The name that has been given to this robot is Mesobot. It is a 250-kilogram robot that is capable of scouting under the surface of the water. The robot Is very stealthy, and it is going to search the underwater depths of the ocean and sea. It will do so without disturbing the animals or water life that is under there.
This robot is not made to cause any harm but to just observe. A closer look at the underwater life and environment along with the ecosystem will provide us with a lot more info, and that will help us understand the world that we live in a little better.
It can work both without any connection, and it can also work along with a cable connecting it. “All of the mechanisms that we think would frighten the animals, we looked to minimize,” says Dana Yoerger at Woods Hole Oceanographic Institution in Massachusetts. He is the one who developed the Mesobot. “We made something that doesn’t disturb the water, doesn’t have bright lights, and doesn’t make a lot of noise.”
It had been made sure that the robot is not a threat to the animals under the sea and ocean. Extreme precautions have been taken to prevent the disaster. We believe that the Mesobot is going to help us get a lot of information, and that is going to progress our fundamental knowledge of things. The Mesobot has been tested, and it had provided good results. Now the plan is to make sure that the Mesobot can go on longer missions.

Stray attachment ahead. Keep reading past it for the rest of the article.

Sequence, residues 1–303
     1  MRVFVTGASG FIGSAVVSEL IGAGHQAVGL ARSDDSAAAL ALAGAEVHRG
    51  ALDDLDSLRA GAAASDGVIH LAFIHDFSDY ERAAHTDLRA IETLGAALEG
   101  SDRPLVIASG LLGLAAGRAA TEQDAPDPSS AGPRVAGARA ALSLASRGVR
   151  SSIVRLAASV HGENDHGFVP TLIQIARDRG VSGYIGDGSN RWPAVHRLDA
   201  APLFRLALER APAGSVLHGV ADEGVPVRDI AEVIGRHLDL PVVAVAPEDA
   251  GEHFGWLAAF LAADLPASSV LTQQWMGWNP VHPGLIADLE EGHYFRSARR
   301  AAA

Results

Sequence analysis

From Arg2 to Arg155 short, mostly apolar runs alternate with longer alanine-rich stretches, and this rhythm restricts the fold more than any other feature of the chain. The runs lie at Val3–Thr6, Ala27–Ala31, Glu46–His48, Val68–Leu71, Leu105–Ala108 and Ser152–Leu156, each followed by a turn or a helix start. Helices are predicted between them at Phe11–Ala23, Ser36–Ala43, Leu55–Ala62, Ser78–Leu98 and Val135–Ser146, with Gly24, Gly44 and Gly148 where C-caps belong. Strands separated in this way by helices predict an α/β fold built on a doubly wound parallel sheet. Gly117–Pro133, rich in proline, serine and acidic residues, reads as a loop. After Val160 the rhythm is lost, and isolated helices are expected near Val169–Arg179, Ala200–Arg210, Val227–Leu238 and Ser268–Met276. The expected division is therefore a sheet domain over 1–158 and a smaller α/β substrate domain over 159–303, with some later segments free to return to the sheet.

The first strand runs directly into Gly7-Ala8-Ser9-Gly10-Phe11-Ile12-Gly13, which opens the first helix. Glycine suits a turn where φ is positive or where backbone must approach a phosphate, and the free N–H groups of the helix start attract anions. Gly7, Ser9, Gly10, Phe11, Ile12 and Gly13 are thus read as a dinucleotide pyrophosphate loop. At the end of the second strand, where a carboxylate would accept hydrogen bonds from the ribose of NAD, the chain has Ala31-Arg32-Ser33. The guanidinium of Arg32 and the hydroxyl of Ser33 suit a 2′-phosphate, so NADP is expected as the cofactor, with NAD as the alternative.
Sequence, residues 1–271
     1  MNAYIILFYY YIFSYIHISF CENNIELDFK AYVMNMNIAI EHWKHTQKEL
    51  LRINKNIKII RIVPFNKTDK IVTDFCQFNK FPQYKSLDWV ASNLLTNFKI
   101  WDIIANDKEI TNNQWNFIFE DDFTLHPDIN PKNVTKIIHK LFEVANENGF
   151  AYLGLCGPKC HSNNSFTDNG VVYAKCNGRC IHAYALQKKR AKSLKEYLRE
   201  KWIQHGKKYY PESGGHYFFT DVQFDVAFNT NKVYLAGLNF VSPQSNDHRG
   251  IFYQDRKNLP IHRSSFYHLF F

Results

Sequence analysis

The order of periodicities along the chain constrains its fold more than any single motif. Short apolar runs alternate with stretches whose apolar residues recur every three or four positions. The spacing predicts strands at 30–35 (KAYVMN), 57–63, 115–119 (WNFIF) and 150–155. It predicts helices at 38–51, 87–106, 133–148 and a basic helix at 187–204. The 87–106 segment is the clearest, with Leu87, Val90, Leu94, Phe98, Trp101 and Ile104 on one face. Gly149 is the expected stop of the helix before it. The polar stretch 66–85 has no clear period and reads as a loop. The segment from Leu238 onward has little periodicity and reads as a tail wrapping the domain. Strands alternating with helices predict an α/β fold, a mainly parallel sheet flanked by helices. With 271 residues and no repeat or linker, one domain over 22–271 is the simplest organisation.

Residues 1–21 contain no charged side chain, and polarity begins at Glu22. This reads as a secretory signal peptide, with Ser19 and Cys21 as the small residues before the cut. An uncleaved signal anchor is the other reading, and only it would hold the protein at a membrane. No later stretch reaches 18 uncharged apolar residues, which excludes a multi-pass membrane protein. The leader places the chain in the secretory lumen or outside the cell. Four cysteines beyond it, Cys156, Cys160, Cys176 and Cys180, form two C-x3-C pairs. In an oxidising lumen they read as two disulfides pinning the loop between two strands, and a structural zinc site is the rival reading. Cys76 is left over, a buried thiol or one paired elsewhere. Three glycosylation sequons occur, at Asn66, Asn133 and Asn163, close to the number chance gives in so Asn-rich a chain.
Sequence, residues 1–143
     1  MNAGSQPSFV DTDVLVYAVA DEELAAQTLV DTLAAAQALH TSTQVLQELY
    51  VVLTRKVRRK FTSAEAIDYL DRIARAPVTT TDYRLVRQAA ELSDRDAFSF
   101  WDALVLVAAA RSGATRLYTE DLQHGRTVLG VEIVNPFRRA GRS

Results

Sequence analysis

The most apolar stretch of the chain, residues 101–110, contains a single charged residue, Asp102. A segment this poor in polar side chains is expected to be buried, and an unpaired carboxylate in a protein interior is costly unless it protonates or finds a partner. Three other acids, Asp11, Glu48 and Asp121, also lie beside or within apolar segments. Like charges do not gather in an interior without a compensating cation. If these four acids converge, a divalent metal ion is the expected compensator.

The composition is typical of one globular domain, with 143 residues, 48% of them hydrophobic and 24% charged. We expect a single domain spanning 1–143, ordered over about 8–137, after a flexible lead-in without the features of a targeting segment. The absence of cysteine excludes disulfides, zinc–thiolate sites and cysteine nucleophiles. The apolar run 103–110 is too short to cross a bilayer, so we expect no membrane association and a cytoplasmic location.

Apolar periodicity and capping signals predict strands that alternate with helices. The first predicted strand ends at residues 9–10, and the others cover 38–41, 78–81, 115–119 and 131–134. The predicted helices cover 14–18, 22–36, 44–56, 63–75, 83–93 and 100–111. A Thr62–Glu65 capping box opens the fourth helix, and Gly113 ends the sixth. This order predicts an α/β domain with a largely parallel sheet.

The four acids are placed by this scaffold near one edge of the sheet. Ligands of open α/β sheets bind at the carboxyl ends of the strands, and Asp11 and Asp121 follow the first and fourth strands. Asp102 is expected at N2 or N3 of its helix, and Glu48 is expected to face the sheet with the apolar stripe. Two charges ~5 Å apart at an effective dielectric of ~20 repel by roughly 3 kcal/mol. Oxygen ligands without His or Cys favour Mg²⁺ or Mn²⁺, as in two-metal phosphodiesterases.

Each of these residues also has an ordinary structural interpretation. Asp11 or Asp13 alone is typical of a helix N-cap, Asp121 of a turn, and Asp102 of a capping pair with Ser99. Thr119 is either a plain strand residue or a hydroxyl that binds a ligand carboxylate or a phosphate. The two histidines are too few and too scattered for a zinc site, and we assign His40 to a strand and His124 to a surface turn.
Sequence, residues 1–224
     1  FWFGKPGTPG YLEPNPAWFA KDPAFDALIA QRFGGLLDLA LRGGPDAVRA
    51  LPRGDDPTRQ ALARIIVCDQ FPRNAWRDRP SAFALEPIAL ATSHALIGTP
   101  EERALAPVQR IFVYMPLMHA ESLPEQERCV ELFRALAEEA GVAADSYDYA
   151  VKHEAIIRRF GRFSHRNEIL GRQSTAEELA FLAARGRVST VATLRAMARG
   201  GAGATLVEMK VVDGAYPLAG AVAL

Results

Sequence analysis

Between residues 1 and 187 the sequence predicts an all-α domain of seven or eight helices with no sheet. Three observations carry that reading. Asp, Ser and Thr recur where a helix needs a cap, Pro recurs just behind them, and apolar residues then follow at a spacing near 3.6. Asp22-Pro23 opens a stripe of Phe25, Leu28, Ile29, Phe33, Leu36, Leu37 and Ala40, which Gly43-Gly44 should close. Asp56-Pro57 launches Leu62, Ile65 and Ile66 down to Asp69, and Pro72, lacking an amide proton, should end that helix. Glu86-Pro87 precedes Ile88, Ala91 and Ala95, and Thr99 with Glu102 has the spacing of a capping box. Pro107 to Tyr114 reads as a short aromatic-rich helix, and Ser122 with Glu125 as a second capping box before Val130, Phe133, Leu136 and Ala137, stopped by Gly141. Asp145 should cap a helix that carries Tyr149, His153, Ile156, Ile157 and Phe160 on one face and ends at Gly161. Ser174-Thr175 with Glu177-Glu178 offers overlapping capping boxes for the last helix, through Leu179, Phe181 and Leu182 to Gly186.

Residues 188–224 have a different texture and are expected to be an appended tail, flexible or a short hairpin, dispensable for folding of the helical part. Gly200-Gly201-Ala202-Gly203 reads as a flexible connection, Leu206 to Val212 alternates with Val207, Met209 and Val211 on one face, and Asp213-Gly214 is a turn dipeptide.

Understanding the biggest daily migration of life on Earth could be aided by the development of a stealthy autonomous underwater robot capable of tracking elusive underwater species without disturbing them.
The 250-kilogram Mesobot can move around subtly since it can work either alone or while attached to a lightweight fiber-optic wire.
It is between two hundred metres and one kilometre deep that the mesopelagic zone, or “twilight zone,” of the ocean can be found. It is the location of the daily phenomena known as the diel vertical migration (DVM), in which creatures that normally live in the depths rise to the surface in search of the more abundant food supplies available there while avoiding predators.
Biologists consider the DVM to be a crucial mechanism for the quick delivery of nutrients to depth, as well as the long-term storage of carbon dioxide that is captured during photosynthesis. However, it is difficult to observe the DVM animals since they are often frightened away by noise or light in the water.
Mesobot was built by a team led by Dana Yoerger of the Woods Hole Oceanographic Institution in Massachusetts. It makes use of low-powered thrusters. “All the mechanisms that we think would startle the creatures, we attempted to limit,” Yoerger explains. It doesn’t produce a lot of noise, doesn’t shine bright lights into the water, and doesn’t disrupt the natural environment in any way, and that’s exactly what we set out to achieve when we designed it.
Mesobot is equipped with a red-light camera that allows it to approach marine life without alarming them. This allows it to keep tabs on their behaviour for an extended period of time. “We’re trying to comprehend the daily existence of these animals,” Yoerger explains.